American voters’ presidential preferences are sharply divided along religious lines.
As has been true of past presidential contests, Republican Donald Trump receives strong support among white Christian voters while his Democratic opponent, Hillary Clinton, is performing equally well, if not better, among non-Christian, religiously unaffiliated, and non-white Christian voters.1 However, at this stage of the campaign, Trump is underperforming among white mainline Protestants and white Catholics compared to Romney in 2012.
No religious group is more strongly backing Trump’s candidacy than white evangelical Protestants. Roughly two-thirds (66%) of white evangelical Protestant voters report they will vote for or are leaning towards supporting Trump, while only 17% say they are supporting Clinton. Nearly half of white mainline Protestant voters (49%) and white Catholic voters (48%) favor Trump while about four in ten of each group (39% and 41%) support Clinton. Conversely, Clinton enjoys a sizable advantage over Trump among non-Christian voters (58% vs. 25%), and unaffiliated voters (66% vs. 21%), and has an overwhelming lead among Hispanic Catholic voters (84% vs. 12%) and black Protestant voters (90% vs. 3%).2 Unlike white evangelical Protestants who strongly support Trump, nonwhite evangelical Protestant voters—a category that includes black, Hispanic, and Asian-Pacific Islander Protestants—are backing Clinton over Trump by a nearly equally wide margin (67% vs. 24%).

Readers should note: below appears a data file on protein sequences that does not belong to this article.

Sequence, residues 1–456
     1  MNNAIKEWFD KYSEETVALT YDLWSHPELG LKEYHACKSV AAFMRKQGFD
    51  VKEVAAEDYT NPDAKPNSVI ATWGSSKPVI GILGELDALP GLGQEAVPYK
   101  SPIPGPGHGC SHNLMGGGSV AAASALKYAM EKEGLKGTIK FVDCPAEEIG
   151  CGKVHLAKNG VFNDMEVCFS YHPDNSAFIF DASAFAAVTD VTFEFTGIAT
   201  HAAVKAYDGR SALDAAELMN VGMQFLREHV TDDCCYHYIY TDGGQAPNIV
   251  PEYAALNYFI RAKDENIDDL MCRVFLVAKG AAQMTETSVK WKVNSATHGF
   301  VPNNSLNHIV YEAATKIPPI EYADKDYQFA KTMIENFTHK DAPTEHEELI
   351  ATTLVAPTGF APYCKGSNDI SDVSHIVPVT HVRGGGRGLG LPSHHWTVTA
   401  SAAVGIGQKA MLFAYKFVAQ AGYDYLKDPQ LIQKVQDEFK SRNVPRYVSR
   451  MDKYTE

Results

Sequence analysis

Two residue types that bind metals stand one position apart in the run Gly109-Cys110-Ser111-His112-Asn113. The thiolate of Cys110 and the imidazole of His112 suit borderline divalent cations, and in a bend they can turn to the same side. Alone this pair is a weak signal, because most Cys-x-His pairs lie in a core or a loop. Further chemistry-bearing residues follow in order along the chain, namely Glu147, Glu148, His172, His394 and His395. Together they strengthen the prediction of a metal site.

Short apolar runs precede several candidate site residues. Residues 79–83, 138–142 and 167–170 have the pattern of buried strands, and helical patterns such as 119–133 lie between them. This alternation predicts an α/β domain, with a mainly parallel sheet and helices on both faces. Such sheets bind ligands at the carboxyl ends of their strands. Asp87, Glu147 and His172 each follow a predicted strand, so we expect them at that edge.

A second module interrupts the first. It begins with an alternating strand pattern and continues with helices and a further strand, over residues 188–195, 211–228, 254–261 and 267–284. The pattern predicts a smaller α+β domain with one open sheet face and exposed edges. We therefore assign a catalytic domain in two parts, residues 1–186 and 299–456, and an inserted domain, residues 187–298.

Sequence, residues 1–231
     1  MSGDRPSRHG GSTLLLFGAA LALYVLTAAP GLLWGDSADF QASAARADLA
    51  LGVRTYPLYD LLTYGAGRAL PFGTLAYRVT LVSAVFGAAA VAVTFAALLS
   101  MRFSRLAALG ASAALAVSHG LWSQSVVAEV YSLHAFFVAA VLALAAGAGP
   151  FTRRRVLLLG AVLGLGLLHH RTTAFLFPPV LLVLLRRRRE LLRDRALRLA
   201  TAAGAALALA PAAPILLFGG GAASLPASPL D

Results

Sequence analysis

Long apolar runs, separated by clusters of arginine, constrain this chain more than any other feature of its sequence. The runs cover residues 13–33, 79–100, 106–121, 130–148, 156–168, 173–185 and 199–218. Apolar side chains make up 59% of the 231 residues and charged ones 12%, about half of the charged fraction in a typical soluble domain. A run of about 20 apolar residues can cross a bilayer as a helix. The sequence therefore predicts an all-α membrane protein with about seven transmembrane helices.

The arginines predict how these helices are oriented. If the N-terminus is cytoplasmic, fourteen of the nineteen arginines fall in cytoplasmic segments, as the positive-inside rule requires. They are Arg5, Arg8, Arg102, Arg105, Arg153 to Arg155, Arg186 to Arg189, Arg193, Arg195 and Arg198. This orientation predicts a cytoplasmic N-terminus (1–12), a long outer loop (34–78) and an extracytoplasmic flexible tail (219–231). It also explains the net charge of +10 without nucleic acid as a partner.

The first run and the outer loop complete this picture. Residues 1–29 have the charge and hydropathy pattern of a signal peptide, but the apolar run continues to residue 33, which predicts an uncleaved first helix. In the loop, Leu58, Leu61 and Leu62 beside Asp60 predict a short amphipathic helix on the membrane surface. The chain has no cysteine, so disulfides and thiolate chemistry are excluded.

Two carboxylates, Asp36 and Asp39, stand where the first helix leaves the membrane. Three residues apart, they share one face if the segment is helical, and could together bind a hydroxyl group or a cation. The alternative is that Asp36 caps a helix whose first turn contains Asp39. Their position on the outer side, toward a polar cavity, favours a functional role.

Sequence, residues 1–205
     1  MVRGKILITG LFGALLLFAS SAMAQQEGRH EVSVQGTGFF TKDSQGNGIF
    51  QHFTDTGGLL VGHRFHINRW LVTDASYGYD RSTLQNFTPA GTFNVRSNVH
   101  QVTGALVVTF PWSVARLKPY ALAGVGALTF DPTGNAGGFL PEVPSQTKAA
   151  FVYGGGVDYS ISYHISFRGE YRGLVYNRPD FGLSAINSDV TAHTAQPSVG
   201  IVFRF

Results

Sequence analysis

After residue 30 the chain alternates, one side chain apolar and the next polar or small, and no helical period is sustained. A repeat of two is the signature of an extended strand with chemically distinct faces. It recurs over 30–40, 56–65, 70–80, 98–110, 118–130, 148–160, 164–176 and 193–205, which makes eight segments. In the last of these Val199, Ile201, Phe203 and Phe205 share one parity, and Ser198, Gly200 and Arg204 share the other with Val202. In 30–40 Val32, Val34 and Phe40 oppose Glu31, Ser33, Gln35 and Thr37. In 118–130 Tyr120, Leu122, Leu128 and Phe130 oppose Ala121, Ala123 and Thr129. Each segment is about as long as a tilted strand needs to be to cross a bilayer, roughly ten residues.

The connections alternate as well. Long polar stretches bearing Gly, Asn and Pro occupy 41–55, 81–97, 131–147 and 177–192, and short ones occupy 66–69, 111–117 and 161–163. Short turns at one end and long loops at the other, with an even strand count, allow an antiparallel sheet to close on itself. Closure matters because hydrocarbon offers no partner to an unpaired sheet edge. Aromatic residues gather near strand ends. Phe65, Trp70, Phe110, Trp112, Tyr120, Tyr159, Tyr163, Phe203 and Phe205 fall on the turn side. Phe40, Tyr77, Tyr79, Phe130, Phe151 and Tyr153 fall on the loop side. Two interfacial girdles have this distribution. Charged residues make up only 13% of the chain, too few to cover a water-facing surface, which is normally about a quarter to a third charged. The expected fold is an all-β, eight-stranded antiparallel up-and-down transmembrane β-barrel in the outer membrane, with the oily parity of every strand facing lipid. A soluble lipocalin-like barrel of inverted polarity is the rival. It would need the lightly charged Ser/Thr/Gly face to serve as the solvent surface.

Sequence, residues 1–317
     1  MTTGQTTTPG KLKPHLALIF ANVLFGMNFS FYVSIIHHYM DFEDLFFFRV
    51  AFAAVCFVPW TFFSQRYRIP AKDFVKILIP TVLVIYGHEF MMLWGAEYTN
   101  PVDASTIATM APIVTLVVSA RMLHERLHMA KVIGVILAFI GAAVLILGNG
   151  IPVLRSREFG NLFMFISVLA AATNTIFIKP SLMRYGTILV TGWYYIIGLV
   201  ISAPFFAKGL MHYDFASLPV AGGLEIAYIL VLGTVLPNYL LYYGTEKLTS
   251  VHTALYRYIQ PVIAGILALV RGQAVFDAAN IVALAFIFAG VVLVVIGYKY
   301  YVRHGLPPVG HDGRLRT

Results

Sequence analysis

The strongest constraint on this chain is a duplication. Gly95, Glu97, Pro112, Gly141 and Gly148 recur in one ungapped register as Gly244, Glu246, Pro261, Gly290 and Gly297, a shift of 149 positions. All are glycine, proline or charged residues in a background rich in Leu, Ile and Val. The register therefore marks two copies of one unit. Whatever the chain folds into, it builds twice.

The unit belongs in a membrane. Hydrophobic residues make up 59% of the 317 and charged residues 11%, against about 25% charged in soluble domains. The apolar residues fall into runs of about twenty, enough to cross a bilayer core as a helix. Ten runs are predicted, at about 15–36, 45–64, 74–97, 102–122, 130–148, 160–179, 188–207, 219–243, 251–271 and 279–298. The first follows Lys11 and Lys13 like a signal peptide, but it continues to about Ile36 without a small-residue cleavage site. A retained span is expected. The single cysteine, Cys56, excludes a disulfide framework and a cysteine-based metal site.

A gender gap in vote preference is evident across religious groups, but it is much more pronounced in some groups than others. More than seven in ten (71%) white evangelical Protestant male voters express support for Trump, compared to 60% of white evangelical Protestant female voters. There is similar sized gap among white mainline Protestant voters. A majority (54%) of white mainline Protestant male voters favor Trump, while fewer than one-third (31%) are supporting Clinton. White mainline Protestant female voters are divided with an equal number expressing support for Trump (45%) as Clinton (45%). White Catholic voters have a much more pronounced gender gap: Nearly six in ten (58%) white Catholic male voters favor Trump, compared to only 38% of white Catholic female voters. Nearly half (49%) of white Catholic female voters are backing Clinton.
1 Results for this analysis were derived by aggregating four independent surveys conducted between Sept. 22 to Oct. 17. The combined telephone surveys all share the same methodology (RDD telephone). The combined data was then re-weighted to ensure that the demographic characteristics of the sample closely approximate the overall characteristics of the U.S. adult population. All references to “voters” are “likely voters” in this analysis.
2 The results for Hispanic Catholic voters includes fewer than 100 respondents (N=91) and should be interpreted with caution.